The SOS-framework (Systems of Sedentary behaviours): An international transdisciplinary consensus framework for the study of determinants, research priorities and policy on sedentary behaviour across the life course: A DEDIPAC-study

Sebastien F M Chastin, Marieke De Craemer, Nanna Lien, Claire Bernaards, Christoph Buck, Jean Michel Oppert, Julie Anne Nazare, Jeroen Lakerveld, Grainne O'Donoghue, Michelle Holdsworth, Neville Owen, Johannes Brug, Greet Cardon, David Conroy, Genevieve Healy, Lars Joren Langøien, John Reilly, Harry Rutter, Jo Salmon, Dawn SkeltonKahaerjiang Abula, Wolfgang Ahrens, Iqbal Alshayji, Anass Arrogi, Lauren Arundell, Valter Cordeiro Barbosa Filho, Ruben Brondeel, Victoria Bullock, Jill Burns, Cedric Busschaert, Laura Capranica, Sebastien Chastin, Giancarlo Condello, Katie Crist, Philippa Dall, Katrien De Cocker, Sara De Lepeleere, Manon Dontje, Bernard Duvivier, Lisa Edelson, Sally Fenton, Koren Fisher, Elly Fletcher, Ellen Freiberger, Nyssa Hadgraft, Julie Harvey, Nabeha Hawari, Mahwish Hayee, Catherine Hayes, Jungwha Lee, On behalf of the DEDIPAC consortium, expert working group and consensus panel

Research output: Contribution to journalArticlepeer-review

63 Scopus citations

Abstract

Background: Ecological models are currently the most used approaches to classify and conceptualise determinants of sedentary behaviour, but these approaches are limited in their ability to capture the complexity of and interplay between determinants. The aim of the project described here was to develop a transdisciplinary dynamic framework, grounded in a system-based approach, for research on determinants of sedentary behaviour across the life span and intervention and policy planning and evaluation. Methods: A comprehensive concept mapping approach was used to develop the Systems Of Sedentary behaviours (SOS) framework, involving four main phases: (1) preparation, (2) generation of statements, (3) structuring (sorting and ranking), and (4) analysis and interpretation. The first two phases were undertaken between December 2013 and February 2015 by the DEDIPAC KH team (DEterminants of DIet and Physical Activity Knowledge Hub). The last two phases were completed during a two-day consensus meeting in June 2015. Results: During the first phase, 550 factors regarding sedentary behaviour were listed across three age groups (i.e., youths, adults and older adults), which were reduced to a final list of 190 life course factors in phase 2 used during the consensus meeting. In total, 69 international delegates, seven invited experts and one concept mapping consultant attended the consensus meeting. The final framework obtained during that meeting consisted of six clusters of determinants: Physical Health and Wellbeing (71 % consensus), Social and Cultural Context (59 % consensus), Built and Natural Environment (65 % consensus), Psychology and Behaviour (80 % consensus), Politics and Economics (78 % consensus), and Institutional and Home Settings (78 % consensus). Conducting studies on Institutional Settings was ranked as the first research priority. The view that this framework captures a system-based map of determinants of sedentary behaviour was expressed by 89 % of the participants. Conclusion: Through an international transdisciplinary consensus process, the SOS framework was developed for the determinants of sedentary behaviour through the life course. Investigating the influence of Institutional and Home Settings was deemed to be the most important area of research to focus on at present and potentially the most modifiable. The SOS framework can be used as an important tool to prioritise future research and to develop policies to reduce sedentary time.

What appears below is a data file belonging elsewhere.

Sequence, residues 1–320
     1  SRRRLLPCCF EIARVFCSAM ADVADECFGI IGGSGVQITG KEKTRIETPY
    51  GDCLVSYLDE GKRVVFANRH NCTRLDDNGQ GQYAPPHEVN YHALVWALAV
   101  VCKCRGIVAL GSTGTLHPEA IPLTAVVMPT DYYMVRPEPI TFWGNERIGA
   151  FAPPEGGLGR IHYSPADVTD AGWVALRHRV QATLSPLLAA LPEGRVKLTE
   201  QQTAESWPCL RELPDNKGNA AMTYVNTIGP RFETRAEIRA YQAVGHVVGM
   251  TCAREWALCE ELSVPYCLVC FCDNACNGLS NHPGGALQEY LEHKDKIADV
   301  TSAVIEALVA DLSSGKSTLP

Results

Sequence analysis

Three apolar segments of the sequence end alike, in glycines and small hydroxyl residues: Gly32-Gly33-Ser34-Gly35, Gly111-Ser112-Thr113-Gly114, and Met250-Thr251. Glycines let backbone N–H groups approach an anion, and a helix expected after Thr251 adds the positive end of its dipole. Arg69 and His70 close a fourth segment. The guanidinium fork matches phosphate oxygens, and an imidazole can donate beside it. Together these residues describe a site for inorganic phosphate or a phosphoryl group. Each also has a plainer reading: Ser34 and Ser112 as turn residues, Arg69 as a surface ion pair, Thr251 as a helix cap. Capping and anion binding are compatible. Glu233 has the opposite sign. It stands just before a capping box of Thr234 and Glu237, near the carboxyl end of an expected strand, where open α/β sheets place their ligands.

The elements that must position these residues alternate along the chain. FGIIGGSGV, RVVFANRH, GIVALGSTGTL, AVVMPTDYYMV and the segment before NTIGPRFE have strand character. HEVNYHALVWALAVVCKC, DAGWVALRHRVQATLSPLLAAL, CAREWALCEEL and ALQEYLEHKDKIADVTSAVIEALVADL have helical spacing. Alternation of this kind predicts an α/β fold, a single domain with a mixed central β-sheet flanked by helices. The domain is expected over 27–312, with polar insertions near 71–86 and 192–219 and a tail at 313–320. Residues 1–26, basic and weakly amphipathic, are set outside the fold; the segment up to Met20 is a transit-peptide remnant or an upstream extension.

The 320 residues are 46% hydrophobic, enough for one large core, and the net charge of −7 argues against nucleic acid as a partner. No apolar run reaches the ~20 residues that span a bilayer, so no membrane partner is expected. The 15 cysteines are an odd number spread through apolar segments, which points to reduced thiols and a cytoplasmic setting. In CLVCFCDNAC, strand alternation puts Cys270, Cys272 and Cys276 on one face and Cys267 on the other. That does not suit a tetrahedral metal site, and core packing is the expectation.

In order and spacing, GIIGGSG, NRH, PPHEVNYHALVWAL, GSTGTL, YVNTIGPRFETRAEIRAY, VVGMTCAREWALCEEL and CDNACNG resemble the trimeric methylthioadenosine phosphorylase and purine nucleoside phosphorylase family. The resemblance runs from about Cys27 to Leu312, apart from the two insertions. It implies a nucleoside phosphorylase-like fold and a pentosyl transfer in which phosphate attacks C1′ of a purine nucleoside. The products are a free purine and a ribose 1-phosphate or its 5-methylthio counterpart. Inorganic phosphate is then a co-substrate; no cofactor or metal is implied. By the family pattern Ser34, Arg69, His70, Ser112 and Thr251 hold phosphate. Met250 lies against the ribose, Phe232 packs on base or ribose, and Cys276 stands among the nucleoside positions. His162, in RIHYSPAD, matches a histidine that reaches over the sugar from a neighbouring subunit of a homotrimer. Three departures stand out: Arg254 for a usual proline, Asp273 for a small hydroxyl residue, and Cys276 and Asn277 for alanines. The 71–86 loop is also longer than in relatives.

Original languageEnglish (US)
Article number83
JournalInternational Journal of Behavioral Nutrition and Physical Activity
Volume13
Issue number1
DOIs
StatePublished - Jul 15 2016

Keywords

  • Adults
  • Ageing
  • Concept mapping
  • Determinants
  • Environment
  • Europe
  • Life-course
  • Older adults
  • Policy
  • Public health
  • Sedentary behaviour
  • Sitting
  • System-based approach
  • Youth

ASJC Scopus subject areas

  • Medicine (miscellaneous)
  • Physical Therapy, Sports Therapy and Rehabilitation
  • Nutrition and Dietetics

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